Date Awarded


Document Type


Degree Name

Doctor of Philosophy (Ph.D.)


Computer Science


Gang Zhou

Committee Member

Xu Liu

Committee Member

Zhenming Liu

Committee Member

Bin Ren

Committee Member

Shan Lin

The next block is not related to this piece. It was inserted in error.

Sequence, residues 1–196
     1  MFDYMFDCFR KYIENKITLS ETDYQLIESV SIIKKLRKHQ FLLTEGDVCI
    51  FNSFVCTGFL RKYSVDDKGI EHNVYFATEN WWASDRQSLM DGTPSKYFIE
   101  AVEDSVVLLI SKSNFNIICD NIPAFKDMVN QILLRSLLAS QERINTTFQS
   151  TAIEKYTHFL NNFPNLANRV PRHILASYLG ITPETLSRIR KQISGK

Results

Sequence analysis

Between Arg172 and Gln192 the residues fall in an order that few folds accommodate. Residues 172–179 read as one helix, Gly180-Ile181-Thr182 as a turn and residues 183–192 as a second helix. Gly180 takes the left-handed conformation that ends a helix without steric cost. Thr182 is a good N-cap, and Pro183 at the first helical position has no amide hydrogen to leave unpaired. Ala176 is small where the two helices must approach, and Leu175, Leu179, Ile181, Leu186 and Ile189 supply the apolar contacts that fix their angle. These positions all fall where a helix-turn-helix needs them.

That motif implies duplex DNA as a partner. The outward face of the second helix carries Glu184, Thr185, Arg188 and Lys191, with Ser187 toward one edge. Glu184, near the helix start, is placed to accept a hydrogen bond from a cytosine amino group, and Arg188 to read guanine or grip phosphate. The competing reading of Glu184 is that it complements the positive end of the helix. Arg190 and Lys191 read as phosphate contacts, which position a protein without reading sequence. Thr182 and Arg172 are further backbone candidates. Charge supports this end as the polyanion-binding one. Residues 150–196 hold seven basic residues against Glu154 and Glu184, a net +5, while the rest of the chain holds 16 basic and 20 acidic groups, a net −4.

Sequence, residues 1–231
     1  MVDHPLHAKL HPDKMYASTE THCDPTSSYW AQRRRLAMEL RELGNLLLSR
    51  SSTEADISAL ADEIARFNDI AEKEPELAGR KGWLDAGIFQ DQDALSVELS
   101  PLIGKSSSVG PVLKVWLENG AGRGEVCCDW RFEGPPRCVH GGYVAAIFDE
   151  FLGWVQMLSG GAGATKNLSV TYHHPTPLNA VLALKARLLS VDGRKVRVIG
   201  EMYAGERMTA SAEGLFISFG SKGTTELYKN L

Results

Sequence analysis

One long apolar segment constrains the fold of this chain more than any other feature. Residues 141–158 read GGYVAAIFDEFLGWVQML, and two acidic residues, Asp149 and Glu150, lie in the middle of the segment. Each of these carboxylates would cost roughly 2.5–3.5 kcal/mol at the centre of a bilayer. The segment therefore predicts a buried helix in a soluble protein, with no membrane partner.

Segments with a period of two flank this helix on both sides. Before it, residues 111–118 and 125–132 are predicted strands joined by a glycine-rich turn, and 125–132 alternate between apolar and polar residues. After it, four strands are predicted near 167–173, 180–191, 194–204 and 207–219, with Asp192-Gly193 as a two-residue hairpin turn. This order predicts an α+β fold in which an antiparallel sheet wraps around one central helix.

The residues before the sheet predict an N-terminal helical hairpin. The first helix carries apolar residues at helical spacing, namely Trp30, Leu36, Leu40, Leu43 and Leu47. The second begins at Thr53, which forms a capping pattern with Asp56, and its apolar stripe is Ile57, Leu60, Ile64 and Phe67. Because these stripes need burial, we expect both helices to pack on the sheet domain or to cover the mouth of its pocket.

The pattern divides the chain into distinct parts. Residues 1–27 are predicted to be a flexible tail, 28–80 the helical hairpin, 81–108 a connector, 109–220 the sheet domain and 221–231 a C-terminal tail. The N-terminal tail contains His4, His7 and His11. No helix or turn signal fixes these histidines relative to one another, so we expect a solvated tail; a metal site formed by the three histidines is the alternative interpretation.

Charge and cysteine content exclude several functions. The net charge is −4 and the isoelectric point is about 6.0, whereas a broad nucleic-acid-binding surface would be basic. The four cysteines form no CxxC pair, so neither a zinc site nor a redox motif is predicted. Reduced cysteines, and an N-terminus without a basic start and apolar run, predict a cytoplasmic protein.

In recent years, WiFi has a very rapid growth due to its high throughput, high efficiency, and low costs. Multiple-Input Multiple-Output (MIMO) and Orthogonal Frequency-Division Multiplexing (OFDM) are two key technologies for providing high throughput and efficiency for WiFi systems. MIMO-OFDM provides Channel State Information (CSI) which represents the amplitude attenuation and phase shift of each transmit-receiver antenna pair of each carrier frequency. CSI helps WiFi achieve high throughput to meet the growing demands of wireless data traffic. CSI captures how wireless signals travel through the surrounding environment, so it can also be used for wireless sensing purposes. This dissertation presents how to improve WiFi sensing and networking with CSI. More specifically, this dissertation proposes deep learning models to improve the performance and capability of WiFi sensing and presents network protocols to reduce CSI feedback overhead for high efficiency WiFi networking. For WiFi sensing, there are many wireless sensing applications using CSI as the input in recent years. To get a better understanding of existing WiFi sensing technologies and future WiFi sensing trends, this dissertation presents a survey of signal processing techniques, algorithms, applications, performance results, challenges, and future trends of CSI-based WiFi sensing. CSI is widely used for gesture recognition and sign language recognition. Existing methods for WiFi-based sign language recognition have low accuracy and high costs when there are more than 200 sign gestures. The dissertation presents SignFi for sign language recognition using CSI and Convolutional Neural Networks (CNNs). SignFi provides high accuracy and low costs for run-time testing for 276 sign gestures in the lab and home environments. For WiFi networking, although CSI provides high throughput for WiFi networks, it also introduces high overhead. WiFi transmitters need CSI feedback for transmit beamforming and rate adaptation. The size of CSI packets is very large and it grows very fast with respect to the number of antennas and channel width. CSI feedback introduces high overhead which reduces the performance and efficiency of WiFi systems, especially mobile and hand-held WiFi devices. This dissertation presents RoFi to reduce CSI feedback overhead based on the mobility status of WiFi receivers. CSI feedback compression reduces overhead, but WiFi receivers still need to send CSI feedback to the WiFi transmitter. The dissertation presents EliMO for eliminating CSI feedback without sacrificing beamforming gains.




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